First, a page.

Is ID Verification crucial to prevent Fraud, Data breach Money Laundering and revenue losses?
Today, nearly 80% of consumers expect their personally identifiable information (PII) to be protected online by businesses. Consumers have high standards and if these standards are not met, businesses face serious ramifications. About 48% of customers avoid services from a business after that business encounters a data breach. This leads many businesses to report long-term negative impacts on their revenue and consumer trust.
Businesses face constant, rising threats of data breaches each year. In fact, over 93% of all data breaches happen in less than one minute. Business executives find these cybersecurity threats concerning, especially since 80% of businesses take weeks to discover when data breaches have occurred.
The most significant ramifications of data breaches are discussed below. Find out why it is necessary for your business to work diligently to protect its data.
Brand Reputation Damage
Data breaches have long-lasting effects on brand reputation. If PII is lost during a data breach, it can lead customers to distrust your business. This is especially true if customer payment information is breached. If former customers distrust your business, they will hesitate to interact with your business. This will cause new potential customers to also distrust your business as well since they cannot be sure that the integrity of their personal data will remain safe. Security professionals agree data breaches have a negative impact on business reputation which translates into customers loss.
Loss of Revenue
Ultimately, if customers stop interacting with your business after a data breach, revenue loss is inevitable. Most businesses report big losses in revenue immediately after a data breach occurs. This statement is supported by data that shows 29% of businesses losing revenue after dealing with a data breach. In some instances, businesses lost more than 20% or more in revenue.
Loss of Proprietary Information
In some instances, hackers may choose to target intellectual property rather than consumer information when performing a data breach. This can affect the competitiveness of your business since competitors sometimes are willing to take advantage of the stolen proprietary information.
Many small businesses believe they are safe from data breaches, but this is simply not true. Nearly 60% of all data breaches occur at small businesses. Many hackers target smaller businesses for attacks because they are easier to strike.
Sometimes, data breaches have nothing to do with gathering information from a breached company. Instead, hackers perform vandalism on a company website. This may seem relatively harmless, but it can negatively affect your company if it happens. If improper information or vulgar content is added to your website, it can cause confusion and distrust among your customers. Plus, subtle changes to a website are harder to detect and notice by security personnel.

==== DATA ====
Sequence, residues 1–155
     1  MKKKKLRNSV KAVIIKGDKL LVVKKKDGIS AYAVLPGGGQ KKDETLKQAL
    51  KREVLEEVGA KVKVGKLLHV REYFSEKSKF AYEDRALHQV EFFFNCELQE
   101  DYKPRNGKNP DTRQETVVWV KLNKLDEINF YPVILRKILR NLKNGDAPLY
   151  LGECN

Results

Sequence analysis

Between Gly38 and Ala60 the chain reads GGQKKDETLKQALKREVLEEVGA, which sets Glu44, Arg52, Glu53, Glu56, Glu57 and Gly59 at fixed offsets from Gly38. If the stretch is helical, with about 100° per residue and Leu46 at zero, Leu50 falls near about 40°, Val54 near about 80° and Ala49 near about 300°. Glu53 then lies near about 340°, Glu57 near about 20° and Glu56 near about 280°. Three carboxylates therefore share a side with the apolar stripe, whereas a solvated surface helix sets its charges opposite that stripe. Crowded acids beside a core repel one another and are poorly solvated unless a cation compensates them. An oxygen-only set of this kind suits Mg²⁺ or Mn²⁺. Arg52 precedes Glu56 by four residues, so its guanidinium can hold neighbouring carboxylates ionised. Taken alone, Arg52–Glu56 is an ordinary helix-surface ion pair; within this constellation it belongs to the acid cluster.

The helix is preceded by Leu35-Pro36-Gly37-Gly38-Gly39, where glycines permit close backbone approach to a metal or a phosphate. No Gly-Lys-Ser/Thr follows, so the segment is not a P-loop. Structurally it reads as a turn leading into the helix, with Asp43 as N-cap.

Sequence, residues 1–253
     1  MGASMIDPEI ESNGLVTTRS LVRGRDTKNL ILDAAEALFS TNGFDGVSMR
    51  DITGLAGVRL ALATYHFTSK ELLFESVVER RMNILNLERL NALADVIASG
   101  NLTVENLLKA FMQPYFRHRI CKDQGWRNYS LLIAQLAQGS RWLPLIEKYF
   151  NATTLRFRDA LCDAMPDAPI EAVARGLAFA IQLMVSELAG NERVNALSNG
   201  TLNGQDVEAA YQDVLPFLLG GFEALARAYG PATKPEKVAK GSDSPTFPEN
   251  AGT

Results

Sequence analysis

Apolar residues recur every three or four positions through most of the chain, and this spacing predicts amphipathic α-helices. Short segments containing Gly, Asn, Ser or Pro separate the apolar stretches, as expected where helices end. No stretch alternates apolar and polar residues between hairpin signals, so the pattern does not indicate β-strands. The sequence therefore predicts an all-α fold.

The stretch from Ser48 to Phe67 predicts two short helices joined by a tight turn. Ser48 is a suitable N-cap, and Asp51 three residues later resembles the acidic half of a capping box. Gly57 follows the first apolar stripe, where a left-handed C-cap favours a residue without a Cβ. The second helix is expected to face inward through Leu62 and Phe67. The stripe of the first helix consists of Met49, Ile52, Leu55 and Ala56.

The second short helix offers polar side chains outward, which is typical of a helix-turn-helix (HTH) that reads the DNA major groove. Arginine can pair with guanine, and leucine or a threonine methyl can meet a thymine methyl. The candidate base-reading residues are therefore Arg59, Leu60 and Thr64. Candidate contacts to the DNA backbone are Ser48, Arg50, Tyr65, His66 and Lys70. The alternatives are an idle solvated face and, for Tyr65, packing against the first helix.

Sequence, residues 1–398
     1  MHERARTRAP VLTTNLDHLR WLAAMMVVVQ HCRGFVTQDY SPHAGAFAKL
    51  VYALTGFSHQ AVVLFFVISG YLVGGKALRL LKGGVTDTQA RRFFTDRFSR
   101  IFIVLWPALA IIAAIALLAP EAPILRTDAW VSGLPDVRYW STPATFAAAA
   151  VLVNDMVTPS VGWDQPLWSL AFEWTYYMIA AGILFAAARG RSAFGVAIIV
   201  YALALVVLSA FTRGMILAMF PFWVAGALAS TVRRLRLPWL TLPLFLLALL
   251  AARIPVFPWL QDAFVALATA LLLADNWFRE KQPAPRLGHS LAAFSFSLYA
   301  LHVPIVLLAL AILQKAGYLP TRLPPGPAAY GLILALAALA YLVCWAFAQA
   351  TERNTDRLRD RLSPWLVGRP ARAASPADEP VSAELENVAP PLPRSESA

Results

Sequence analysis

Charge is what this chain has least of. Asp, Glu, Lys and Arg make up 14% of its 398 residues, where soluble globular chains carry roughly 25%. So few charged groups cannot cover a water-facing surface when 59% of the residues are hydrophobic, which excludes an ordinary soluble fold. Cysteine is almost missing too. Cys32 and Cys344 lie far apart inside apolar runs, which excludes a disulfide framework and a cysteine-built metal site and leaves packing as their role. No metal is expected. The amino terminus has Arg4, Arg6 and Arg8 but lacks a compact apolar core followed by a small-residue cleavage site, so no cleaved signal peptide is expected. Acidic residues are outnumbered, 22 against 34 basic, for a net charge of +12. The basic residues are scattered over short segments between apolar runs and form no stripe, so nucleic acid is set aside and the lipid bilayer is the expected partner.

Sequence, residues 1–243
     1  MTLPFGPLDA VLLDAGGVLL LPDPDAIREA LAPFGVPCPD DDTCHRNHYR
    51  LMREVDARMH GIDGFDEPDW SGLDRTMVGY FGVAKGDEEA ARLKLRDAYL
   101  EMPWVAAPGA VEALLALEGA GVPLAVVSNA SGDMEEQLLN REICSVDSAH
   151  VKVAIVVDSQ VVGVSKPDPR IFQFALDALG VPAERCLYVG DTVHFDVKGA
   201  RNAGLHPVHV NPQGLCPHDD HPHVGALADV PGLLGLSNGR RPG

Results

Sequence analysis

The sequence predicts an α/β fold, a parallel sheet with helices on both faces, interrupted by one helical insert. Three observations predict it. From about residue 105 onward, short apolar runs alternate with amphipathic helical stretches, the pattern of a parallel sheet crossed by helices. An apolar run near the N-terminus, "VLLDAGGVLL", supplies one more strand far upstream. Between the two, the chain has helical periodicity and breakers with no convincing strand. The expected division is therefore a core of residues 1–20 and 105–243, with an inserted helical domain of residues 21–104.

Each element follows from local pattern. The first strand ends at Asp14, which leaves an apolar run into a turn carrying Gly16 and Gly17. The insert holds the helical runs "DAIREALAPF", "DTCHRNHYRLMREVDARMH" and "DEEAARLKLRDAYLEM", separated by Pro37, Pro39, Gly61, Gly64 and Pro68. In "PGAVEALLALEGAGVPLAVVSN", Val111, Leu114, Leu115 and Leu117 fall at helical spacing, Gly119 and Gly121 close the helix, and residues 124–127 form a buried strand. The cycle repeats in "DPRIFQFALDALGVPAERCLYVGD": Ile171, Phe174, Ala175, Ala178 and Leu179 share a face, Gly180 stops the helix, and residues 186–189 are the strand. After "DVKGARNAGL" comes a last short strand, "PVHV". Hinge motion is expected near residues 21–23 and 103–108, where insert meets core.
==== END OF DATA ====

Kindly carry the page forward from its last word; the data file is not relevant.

When it comes to data breaches, there are many long-lasting costs to consider. On average, businesses face $3.86 million in costs associated with data breaches. Many times, legal fees are a necessary expense. Money also needs to be spent investigating how and why an attack occurred. Furthermore, significant amounts of money need to be spent on marketing and PR after a data breach to rebuild a brand’s reputation.
Plus, fines can be imposed on businesses after a data breach as well. For example, in 2015 AT&T was fined $25 million for privacy violations associated with their 2014 data breach that affected nearly 280,00 customers.
Ways to Protect Your Business
Data breaches are on the rise. There was a 44.7% increase in data breaches between 2016 and 2017.
There are some security measures your business can take to protect itself. To start, if your business is large enough, create a dedicated security team separate from your IT department. Make sure the software your company uses is always up-to-date. This will reduce its vulnerability to attacks. Encrypting your data is another good option, especially when it must be shared by multiple people across your company. Also, train your staff to avoid opening emails from risky senders.
Why ID Verification is Important
Another important step you can take to secure your business is to make sure you are doing business with legitimate individuals. Performing identity verification during customer onboarding helps prevent stolen identities from interacting with your business. Just this one simple step can prevent fraud, money laundering and a whole host of repercussions that you may suffer if someone tries to use a fake identity to interact with your business.